'Wide body' Ogundele is centerpiece of Fran McCaffery's 2020 recruiting class

Mark Emmert
Hawk Central

IOWA CITY, Ia. — Fran McCaffery needed a center in his 2020 Iowa basketball recruiting class.

He didn’t get Oskaloosa’s Xavier Foster after years of groundwork. That four-star recruit announced a week ago that he was going to Iowa State instead.

So McCaffery turned to Josh Ogundele, a 6-foot-11, 265-pound native of England who is playing at Worcester Academy in Massachusetts. Ogundele’s paperwork was completed Monday, making him the fifth and most highly regarded of the new Hawkeyes that McCaffery signed.

“Recruiting can be frustrating at times when you work hard on somebody and don’t get them. It can be incredibly rewarding when you work hard on somebody and they come,” McCaffery told reporters Monday afternoon.

McCaffery first saw Ogundele, a three-star recruit, this summer. He offered him a scholarship. Ogundele made an official visit to campus. McCaffery went back to New England to see him three more times, including Saturday. That was the day after the Hawkeyes beat Oral Roberts to move to 2-1 this season. That was also after Ogundele had verbally committed to Iowa.


“This kid went through a lot in the past few months. Recruiting heated up for him. He took five visits,” McCaffery said.

“And he stepped up and said he wants to come to Iowa and play for the Hawkeyes. … I didn’t cancel my trip because he committed. I’m his coach now, in many respects. I broke the game down for him. What he did well and what he needs to work on. It’s all about relationships. And that’s a relationship decision I made.”

Iowa basketball coach Fran McCaffery talks to his son Patrick before Friday's win over Oral Roberts. The next day, McCaffery was on a plane to Massachusetts to check in on recruit Josh Ogundele.

Ogundele will replace Ryan Kriener, a center who is graduating. He is set to play alongside Luka Garza for one season. He averaged 7.3 points on 59 percent shooting as a junior.

“He’s got athletic power,” McCaffery said of Ogundele. “When you see a wide-body guy, you think he’s strictly a below-the-rim guy. And he does play sometimes below the rim. But he can go up and dunk it on you, block shots above the rim. … He can play in transition.

“I think it’s important to bring in a guy that we feel is capable of playing right away.”

McCaffery, 60, said he still enjoys the constant travel involved in recruiting, which he believes is one of the most important parts of his job.

“It’s not something that can ever be dismissed. It’s not something that can ever be turned over to the assistant coaches. ‘You guys grind and I’ll make a few calls’ — it can’t be that. I’ve got to be out,” McCaffery said.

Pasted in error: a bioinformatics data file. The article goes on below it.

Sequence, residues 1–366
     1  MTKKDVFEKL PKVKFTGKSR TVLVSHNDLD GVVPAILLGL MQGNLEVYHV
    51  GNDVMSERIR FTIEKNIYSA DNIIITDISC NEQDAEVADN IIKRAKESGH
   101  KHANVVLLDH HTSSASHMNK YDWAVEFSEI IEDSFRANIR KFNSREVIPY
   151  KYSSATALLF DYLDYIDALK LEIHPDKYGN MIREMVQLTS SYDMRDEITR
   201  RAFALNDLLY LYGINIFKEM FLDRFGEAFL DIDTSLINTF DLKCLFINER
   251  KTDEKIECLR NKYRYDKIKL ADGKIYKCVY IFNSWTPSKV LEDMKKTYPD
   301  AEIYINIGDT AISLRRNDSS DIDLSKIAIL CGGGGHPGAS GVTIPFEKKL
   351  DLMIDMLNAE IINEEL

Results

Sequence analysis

“Every recruiting situation is a snowflake. So some will have more people involved. Some will have less people involved. Some will make a quicker decision than others. Some love the publicity. Some don’t. But you can’t rush it. You can’t force it.”

McCaffery said he’s excited about the versatility of his 2020 class.

A look at the other four players:

Keegan and Kris Murray

The twin sons of former Hawkeye star Kenyon Murray are spending this winter playing for DME Sports Academy in Florida after graduating from Cedar Rapids Prairie High School. They are 6-foot-8 wing players, although Keegan carries an additional 10 pounds, at 215. McCaffery is excited about their 3-point shooting. Keegan set a Prairie record by making 87.6 percent of his free throws during his career there.

“They kept getting bigger and stronger and they kept working on their game. As soon as they decided to go to prep school, it was inevitable that we were going to offer,” McCaffery said.

“They’re both going to come in ready. They’re just complete players.”

► More:Cedar Rapids 2020 wings Keegan and Kris Murray commit to the Iowa Hawkeyes

Ahron Ulis

The 6-2 point guard is the younger brother of Tyler Ulis, whom McCaffery recruited extensively before he opted to go to Kentucky. But that meant McCaffery already knew his parents and coach at Marian Catholic in Chicago Heights very well, which he said was helpful.

“Ahron is a gamer. He’s a competitor,” McCaffery said. “He plays the game at a whole other level in terms of his mental approach.”

► More:'A coach's dream': What Iowa basketball can expect from Chicago guard Ahron Ulis

Tony Perkins

The Indianapolis native can play either guard spot or small forward at 6-4, McCaffery said.

“You can tell that he’s been coached — he knows how to play,” McCaffery said. “You can see his feel for the game, how competitive he is, how versatile he is. He’s a great fit for what we’re trying to do and how we play."

► More:Three-star Indianapolis shooting guard Tony Perkins commits to Iowa

Mark Emmert covers the Iowa Hawkeyes for the Register. Reach him at or 319-339-7367. Follow him on Twitter at @MarkEmmert.

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